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Horton Foote - Quotes

There are 14 quotes by Horton Foote at 95quotes.com. Find your favorite quotations and top quotes by Horton Foote from this hand-picked collection . Feel free to share these quotes and sayings on Facebook, Pinterest, Tumblr & Twitter or any of your favorite social networking sites.

I believe very deeply in the human spirit, and I have a sense of awe about it. I look around and ask, 'What makes the difference? What is it?' I've known people the world has thrown everything at - to discourage them, to kill them, to break their spirit. And yet something about them retains a dignity. They face life and they don't ask quarters. ---->>>

A writer has an inescapable voice. I think it's inherent in the nature, and I think that we don't control it anymore than we control what we want to write about. ---->>>

I have enormous respect for the human being because they're asked to take on a lot. And I don't think there's any easy solution. But I think the journey is what you have to finally be satisfied with, but not be afraid of the lessons one has to learn... it ends up as grace. And you grow; you find a way to continue.

I have enormous respect for the human being because they're asked to take on a lot. And I don't think there's any easy solution. But I think the journey is what you have to finally be satisfied with, but not be afraid of the lessons one has to learn... it ends up as grace. And you grow; you find a way to continue.

A lot of writing is thinking. ---->>>

I so earnestly believe that prayer can be helpful and guide you and protect you and inspire you. I mean, I'm in awe. ---->>>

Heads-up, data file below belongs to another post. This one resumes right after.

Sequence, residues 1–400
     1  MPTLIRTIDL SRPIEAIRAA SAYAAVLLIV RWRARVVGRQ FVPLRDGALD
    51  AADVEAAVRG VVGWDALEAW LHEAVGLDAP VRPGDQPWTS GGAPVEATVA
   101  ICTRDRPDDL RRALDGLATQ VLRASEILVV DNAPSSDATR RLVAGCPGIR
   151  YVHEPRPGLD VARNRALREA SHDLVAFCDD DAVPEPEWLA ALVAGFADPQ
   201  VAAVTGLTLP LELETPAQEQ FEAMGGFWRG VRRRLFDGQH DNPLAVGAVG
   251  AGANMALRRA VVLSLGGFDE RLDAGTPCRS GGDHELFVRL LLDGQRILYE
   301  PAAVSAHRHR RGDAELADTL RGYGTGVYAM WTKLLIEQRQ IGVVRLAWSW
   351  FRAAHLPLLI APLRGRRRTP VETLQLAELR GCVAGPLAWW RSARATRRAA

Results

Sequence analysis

In New York, there are a lot of plays to see, and I try to see as many as I can. ---->>>

Early on, I said to myself that I would like to write a kind of moral and spiritual history of a place. It sounds a little pretentious, I know. But that's really what I set for myself. ---->>>

I often write about nonreligious people, and I try to find situations where their sense of humanity is restored or discovered. I think you can be a good person in many ways. And I think you often have to be careful that prayer can seem superficial, because it's a very complicated thing to love your neighbor as yourself. ---->>>

I've redone plays of mine and made changes. A play is a living thing, and I'd never say I wouldn't rewrite years later. Tennessee Williams did that all the time, and it's distressing, because I'd like the play to be out there in its finished form. ---->>>

I'm a social writer in the sense that I want to record, but not in the sense of trying to change people's minds. ---->>>

My first memory was of stories about the past - a past that, according to the storytellers, was superior in every way to the life then being lived. It didn't take me long, however, to understand that the present was all we had, for the past was gone, and nothing could be done about it. ---->>>

I've lived long enough to know things go in and out of fashion, and things not well received now can be totally reversed years later. ---->>>

My mother, twenty-two, was Harriet Gautier Brooks, named for her paternal grandmother, but always called Hallie. My father, twenty-six, was Albert Horton Foote, named for his father and great-grandfather, and I was named Albert Horton Foote, Jr. ---->>>

I don't think I'll ever stop writing. I write almost every day. I'd write plays even if they were never done again. You're at the mercy of whatever talent you have. ---->>>

Biography

Nationality: American
Born: 03-14, 1916
Birthplace:
Die: 03-04, 2009
Occupation: Playwright
Website:

Albert Horton Foote Jr. (March 14, 1916 – March 4, 2009) was an American playwright and screenwriter, perhaps best known for his screenplays for the 1962 film To Kill a Mockingbird and the 1983 film Tender Mercies, and his notable live television dramas during the Golden Age of Television. He received the Pulitzer Prize for Drama in 1995 for his play The Young Man From Atlanta and two Academy Awards, one for an original screenplay, Tender Mercies, and one for adapted screenplay, To Kill a Mockingbird (wikipedia)